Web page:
NASA reaches out to industry for ideas on next-generation small satellite technologies

WASHINGTON, 6 Feb. 2012. NASA officials overseeing the Edison Small Satellite Demonstration Program have issued a broad agency announcement (BAA) seeking low-cost, flight demonstration proposals for small satellite technology. The solicitation is limited to demonstrations of communications systems for small satellites, proximity operations with small satellites, and propulsion systems for CubeSat-scale satellites. The goal is to increase the technical capabilities and range of uses for the emerging category of spacecraft.

CubeSat
CubeSat
WASHINGTON, 6 Feb. 2012. NASA officials overseeing the Edison Small Satellite Demonstration Program have issued a broad agency announcement (BAA) seeking low-cost, flight demonstration proposals for small satellite technology. The solicitation is limited to demonstrations of communications systems for small satellites, proximity operations with small satellites, and propulsion systems for CubeSat-scale satellites. The goal is to increase the technical capabilities and range of uses for the emerging category of spacecraft.

Small satellites are characterized by the organization as typically weighing less than 400 pounds (180 kilograms) and being launched as secondary payloads on rockets carrying larger spacecraft. Included in the small satellite category are softball-sized CubeSats, small, cube-shaped spacecraft able to carry small payloads, and even smaller experimental spacecraft.

"NASA's Edison SmallSat program helps to continue America's leadership in space through the further development of this class of satellites -- small, agile and relatively inexpensive spacecraft that could perform many tasks in space enabling new missions and providing unique educational opportunities," Michael Gazarik, director of NASA's Space Technology Program, explains. "These spacecraft represent a new opportunity among the many ways that NASA can approach its diverse goals in science, exploration and education."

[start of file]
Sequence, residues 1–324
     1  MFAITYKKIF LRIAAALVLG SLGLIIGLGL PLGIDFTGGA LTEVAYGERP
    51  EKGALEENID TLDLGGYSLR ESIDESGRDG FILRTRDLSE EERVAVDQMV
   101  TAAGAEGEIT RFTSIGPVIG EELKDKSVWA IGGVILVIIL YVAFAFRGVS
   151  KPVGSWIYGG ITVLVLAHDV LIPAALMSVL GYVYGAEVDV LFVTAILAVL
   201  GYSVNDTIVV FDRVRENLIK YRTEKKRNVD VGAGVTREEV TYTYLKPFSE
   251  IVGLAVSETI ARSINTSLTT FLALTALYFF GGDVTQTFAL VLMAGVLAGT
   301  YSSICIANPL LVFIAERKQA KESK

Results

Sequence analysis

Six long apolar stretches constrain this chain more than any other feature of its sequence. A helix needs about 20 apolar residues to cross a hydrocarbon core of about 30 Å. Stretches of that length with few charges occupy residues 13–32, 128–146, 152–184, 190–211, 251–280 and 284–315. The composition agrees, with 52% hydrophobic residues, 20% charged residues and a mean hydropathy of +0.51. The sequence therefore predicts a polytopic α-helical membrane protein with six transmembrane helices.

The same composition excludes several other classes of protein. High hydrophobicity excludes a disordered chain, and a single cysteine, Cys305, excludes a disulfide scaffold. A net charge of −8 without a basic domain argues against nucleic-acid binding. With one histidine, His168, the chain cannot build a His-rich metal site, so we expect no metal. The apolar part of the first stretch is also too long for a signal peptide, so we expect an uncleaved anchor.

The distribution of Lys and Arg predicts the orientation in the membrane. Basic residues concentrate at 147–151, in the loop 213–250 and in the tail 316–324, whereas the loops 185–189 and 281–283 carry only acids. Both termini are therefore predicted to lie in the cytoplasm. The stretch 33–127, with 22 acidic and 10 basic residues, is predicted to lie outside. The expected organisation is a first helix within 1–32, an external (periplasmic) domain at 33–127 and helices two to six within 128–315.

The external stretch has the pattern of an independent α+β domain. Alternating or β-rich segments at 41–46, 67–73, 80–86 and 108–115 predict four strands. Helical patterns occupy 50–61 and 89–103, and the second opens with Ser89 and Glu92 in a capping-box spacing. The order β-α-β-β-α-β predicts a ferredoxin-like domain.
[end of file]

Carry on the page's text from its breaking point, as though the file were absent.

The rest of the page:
"Encouraging the growth of small-spacecraft technology also benefits our economy," says Andrew Petro, Edison program executive at NASA’s headquarters in Washingon. "Many of the technologies that enable small spacecraft come from the world of small business, where commercial practices provide innovative and cost-effective solutions. Those technologies will continue to advance as demand and competition drive companies to excel."

Small spacecraft can accomplish new types of missions never before possible, and they are expected to provide space access to more technologists and scientists, says a spokesperson. The assumption is that their small size means they are less expensive to build and launch.

Executive summaries of proposals must be submitted by 4 March 2012. NASA expects to invite full proposals this spring, with selections made this fall. A selected project must be completed within two to three years at a total cost of no more than $15 million. The number of awards will depend on the quality and cost of proposals and availability of funding.

NASA's Ames Research Center at Moffett Field, Calif., manages the Edison Small Satellite Demonstration Program for the Space Technology Program.

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